# How does the complexity of extracting eigenvalues via quantum phase estimation compare with the classical one?

Suppose, I have ideal quantum computer that allows me to find exact eigenvalues with QPE algorithm under perfect matrix, eigenvectors and eigenvalues conditions. How the complexity of this algorithm differs from classical problem of finding the eigenvalue? What are the benifits? Would be glad to see both: short answers and links to the sources.

## 1 Answer

Even eigenvalue sampling itself is BQP-complete; thus, a quantum computer most likely provides an exponential speedup to finding such eigenvalues (under the standard assumption that BPP$$\subsetneq$$BQP).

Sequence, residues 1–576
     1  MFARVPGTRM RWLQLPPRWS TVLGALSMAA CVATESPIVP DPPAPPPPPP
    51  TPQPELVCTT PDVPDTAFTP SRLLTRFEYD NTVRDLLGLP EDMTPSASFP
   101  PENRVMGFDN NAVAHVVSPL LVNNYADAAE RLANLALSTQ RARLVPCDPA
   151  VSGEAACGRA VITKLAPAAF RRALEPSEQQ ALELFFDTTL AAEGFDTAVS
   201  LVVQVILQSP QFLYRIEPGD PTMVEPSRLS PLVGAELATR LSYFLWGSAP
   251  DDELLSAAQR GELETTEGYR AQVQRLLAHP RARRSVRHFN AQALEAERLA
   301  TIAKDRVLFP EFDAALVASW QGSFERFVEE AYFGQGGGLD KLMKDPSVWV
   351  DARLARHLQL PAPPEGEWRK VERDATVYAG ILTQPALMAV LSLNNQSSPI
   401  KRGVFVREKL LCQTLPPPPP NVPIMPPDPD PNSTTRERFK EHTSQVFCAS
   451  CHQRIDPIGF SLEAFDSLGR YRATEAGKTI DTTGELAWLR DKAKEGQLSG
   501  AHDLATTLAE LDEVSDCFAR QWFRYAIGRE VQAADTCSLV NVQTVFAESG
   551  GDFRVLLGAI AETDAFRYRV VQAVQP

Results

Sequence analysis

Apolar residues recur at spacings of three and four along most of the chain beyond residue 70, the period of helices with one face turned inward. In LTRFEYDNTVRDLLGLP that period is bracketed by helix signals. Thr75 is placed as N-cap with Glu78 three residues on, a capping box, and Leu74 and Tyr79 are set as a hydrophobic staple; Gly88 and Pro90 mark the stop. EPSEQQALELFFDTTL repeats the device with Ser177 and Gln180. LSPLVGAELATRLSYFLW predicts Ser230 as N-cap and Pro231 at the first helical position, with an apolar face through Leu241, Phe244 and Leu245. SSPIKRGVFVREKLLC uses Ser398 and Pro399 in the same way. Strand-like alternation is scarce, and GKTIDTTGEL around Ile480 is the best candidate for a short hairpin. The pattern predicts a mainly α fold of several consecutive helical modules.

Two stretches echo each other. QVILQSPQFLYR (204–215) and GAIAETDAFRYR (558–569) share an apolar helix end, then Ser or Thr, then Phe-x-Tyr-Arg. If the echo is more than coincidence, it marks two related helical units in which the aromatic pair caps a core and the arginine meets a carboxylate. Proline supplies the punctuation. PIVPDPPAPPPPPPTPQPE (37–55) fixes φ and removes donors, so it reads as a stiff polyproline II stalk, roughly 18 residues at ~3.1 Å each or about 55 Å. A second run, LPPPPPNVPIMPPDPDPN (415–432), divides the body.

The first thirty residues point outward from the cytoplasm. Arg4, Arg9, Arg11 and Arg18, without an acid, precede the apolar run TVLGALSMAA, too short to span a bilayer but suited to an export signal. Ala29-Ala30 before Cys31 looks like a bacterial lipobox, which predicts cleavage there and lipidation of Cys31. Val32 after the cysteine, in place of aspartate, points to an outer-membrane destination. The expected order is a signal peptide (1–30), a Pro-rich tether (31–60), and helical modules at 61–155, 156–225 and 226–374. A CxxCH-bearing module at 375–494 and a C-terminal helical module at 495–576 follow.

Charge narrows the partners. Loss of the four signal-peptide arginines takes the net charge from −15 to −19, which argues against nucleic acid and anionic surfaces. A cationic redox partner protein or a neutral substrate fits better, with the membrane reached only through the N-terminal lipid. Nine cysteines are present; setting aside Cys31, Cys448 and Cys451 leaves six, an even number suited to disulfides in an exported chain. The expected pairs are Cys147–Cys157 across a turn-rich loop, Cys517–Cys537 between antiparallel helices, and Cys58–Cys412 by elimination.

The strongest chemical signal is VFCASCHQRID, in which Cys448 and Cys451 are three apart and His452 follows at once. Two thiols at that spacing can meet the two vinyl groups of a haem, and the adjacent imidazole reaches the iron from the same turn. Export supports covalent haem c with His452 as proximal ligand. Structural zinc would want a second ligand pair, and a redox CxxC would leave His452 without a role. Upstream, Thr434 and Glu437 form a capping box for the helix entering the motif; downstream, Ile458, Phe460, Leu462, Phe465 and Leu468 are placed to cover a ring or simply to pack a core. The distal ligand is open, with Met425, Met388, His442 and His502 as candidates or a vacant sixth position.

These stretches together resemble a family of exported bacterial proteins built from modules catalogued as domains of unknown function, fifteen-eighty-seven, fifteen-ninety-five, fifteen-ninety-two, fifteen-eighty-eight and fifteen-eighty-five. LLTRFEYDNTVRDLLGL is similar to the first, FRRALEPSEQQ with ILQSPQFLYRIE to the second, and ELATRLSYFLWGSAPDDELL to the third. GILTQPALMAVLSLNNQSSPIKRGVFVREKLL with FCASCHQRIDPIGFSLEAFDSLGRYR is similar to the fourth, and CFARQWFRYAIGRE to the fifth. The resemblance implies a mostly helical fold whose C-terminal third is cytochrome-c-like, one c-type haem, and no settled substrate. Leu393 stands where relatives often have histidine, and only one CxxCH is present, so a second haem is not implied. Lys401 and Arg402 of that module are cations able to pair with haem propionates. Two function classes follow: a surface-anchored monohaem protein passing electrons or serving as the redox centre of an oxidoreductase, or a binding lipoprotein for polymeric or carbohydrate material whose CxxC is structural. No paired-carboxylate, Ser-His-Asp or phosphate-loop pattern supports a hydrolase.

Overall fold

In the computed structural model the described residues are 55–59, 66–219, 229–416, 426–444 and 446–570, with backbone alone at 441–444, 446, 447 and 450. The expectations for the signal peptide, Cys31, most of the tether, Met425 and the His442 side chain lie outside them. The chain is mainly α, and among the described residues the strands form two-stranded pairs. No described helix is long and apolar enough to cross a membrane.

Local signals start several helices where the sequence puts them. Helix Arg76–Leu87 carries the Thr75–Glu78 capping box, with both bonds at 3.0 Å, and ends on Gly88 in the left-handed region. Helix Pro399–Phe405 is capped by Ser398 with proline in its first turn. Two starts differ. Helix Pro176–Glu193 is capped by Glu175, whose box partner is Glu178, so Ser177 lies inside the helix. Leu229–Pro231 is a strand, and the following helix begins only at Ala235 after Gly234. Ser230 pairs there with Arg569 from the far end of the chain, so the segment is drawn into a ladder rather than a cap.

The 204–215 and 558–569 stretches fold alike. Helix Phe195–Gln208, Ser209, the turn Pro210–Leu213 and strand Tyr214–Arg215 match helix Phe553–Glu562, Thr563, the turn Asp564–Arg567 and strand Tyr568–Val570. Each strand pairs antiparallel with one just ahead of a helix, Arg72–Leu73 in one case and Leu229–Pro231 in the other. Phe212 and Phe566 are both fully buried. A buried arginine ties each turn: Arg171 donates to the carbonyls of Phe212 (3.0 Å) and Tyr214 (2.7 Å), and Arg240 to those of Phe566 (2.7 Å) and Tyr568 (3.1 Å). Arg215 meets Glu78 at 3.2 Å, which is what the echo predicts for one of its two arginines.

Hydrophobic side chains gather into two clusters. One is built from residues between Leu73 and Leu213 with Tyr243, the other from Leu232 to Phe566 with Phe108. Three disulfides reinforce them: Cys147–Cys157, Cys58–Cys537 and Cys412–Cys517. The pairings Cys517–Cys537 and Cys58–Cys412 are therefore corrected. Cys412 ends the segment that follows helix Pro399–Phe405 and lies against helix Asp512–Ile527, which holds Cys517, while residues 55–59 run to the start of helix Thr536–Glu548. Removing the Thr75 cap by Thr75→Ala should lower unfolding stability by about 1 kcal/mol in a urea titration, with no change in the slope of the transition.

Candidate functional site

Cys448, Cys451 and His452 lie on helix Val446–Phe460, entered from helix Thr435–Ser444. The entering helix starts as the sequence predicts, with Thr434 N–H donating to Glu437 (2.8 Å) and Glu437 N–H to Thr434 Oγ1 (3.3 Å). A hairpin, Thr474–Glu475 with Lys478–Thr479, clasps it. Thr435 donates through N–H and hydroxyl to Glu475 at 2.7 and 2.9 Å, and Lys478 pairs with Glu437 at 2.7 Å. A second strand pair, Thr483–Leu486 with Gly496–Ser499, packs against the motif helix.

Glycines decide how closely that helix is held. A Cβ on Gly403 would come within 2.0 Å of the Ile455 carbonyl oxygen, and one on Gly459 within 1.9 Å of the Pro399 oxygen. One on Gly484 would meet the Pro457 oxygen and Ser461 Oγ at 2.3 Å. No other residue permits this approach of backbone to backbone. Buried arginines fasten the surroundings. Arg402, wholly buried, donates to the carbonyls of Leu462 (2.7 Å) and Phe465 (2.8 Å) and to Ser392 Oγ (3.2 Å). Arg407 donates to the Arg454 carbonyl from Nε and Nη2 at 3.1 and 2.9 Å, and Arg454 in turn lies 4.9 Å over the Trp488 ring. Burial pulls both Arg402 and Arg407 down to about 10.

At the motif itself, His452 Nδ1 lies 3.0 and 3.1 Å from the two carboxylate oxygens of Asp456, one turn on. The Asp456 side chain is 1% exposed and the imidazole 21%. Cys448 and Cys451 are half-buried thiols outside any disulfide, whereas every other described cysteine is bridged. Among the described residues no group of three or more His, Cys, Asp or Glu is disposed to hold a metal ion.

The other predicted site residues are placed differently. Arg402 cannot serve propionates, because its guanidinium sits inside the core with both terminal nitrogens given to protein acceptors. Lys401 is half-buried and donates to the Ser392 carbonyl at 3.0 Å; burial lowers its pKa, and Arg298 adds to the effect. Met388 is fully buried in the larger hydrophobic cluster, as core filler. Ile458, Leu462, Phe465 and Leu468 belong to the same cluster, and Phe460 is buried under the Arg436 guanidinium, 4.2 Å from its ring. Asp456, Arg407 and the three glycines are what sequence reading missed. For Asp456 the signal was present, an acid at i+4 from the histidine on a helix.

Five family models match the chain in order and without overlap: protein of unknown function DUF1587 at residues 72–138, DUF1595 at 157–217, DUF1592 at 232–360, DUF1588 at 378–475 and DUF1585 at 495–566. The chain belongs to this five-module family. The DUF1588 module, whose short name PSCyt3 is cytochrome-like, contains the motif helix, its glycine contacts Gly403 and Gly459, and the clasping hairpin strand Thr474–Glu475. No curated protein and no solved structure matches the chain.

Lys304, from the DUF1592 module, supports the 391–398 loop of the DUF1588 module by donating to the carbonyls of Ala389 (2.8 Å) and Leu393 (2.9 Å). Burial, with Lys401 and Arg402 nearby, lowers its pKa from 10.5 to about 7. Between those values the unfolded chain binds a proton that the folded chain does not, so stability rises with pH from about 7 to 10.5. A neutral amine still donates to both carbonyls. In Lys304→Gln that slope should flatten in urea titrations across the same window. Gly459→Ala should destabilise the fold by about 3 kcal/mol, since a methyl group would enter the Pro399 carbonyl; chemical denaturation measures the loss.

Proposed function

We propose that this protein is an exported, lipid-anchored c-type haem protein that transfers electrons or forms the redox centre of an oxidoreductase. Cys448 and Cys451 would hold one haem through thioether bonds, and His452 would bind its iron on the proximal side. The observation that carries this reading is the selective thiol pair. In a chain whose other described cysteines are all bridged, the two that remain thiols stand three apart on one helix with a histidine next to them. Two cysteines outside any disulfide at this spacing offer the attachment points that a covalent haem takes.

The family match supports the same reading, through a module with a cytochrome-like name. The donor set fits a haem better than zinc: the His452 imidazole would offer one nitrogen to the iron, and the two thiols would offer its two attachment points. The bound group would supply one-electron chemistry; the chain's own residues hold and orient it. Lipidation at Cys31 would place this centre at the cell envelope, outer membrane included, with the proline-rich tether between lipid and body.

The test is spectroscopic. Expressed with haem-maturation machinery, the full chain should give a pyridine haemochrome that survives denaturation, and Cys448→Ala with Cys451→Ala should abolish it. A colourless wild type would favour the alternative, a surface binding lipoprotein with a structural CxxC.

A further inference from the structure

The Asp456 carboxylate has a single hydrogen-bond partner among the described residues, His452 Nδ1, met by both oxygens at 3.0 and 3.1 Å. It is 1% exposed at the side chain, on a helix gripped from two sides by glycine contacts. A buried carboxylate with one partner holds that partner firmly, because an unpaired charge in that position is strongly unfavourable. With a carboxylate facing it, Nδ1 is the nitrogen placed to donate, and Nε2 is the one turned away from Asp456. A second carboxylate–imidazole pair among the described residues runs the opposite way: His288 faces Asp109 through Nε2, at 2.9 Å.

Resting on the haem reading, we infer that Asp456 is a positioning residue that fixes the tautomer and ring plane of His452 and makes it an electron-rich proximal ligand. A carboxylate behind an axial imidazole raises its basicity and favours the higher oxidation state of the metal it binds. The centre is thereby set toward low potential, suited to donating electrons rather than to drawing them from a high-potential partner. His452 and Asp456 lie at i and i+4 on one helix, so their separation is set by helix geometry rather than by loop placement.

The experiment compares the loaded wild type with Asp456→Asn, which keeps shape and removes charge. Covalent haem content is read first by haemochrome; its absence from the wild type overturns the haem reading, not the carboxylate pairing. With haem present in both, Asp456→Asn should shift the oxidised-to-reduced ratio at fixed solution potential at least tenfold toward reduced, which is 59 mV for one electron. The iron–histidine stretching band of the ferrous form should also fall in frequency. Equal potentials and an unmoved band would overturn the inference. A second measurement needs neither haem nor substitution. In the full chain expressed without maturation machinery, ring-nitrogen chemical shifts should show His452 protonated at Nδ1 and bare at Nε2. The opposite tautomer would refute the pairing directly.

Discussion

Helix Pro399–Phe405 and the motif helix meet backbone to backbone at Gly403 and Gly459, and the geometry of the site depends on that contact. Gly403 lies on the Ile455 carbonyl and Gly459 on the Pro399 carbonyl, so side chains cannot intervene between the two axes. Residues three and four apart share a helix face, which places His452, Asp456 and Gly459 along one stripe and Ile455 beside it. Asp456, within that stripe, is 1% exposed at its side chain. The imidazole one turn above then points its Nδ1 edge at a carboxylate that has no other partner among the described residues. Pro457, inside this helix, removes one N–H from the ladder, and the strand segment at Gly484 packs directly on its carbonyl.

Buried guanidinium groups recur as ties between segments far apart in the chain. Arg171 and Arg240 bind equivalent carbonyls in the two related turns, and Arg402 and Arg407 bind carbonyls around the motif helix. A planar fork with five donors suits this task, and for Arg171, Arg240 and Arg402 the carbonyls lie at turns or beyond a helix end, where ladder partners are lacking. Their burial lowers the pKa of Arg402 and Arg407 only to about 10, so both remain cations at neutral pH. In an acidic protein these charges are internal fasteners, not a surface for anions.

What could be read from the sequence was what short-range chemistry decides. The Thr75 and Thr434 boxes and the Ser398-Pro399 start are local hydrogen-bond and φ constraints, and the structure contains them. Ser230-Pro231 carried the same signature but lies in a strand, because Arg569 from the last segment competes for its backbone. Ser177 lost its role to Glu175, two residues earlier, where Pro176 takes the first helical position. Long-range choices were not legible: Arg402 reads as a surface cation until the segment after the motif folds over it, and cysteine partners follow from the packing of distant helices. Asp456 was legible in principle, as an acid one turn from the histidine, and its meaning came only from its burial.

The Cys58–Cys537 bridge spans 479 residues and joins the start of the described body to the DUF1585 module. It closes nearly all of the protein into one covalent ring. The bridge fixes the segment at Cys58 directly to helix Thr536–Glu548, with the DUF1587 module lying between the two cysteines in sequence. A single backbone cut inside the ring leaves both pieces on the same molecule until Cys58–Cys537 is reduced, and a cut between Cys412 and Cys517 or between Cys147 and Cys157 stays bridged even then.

That is, given an arbitrary (pure) state $$|\psi\rangle$$, along with some local Hamiltonian $$H$$, we can simulate $$U=\exp(-iHt)$$ and use the Quantum Phase Estimation (QPE) algorithm to sample from $$H$$'s eigendecomposition of $$|\psi\rangle$$. Every time we run the algorithm we could get different eigenvalues, but the BQP-completeness results above show that even this is classically intractable.

Note that there will be errors in both (1) the local Hamiltonian simulation of $$H$$, and also (2) in the precision of the Quantum Phase Estimation algorithm. So I don't know what to make of your comment about "exact eigenvalues under perfect matrix conditions", other than to say that those errors can be suppressed at a polynomial cost to the complexity of the quantum algorithm.

Classically, it's probably hard to even hold the matrix in memory, much less to do the Fourier transform or Gaussian Elimination to sample therefrom. But see, for example, the dequantization efforts to Singular Value Decomposition.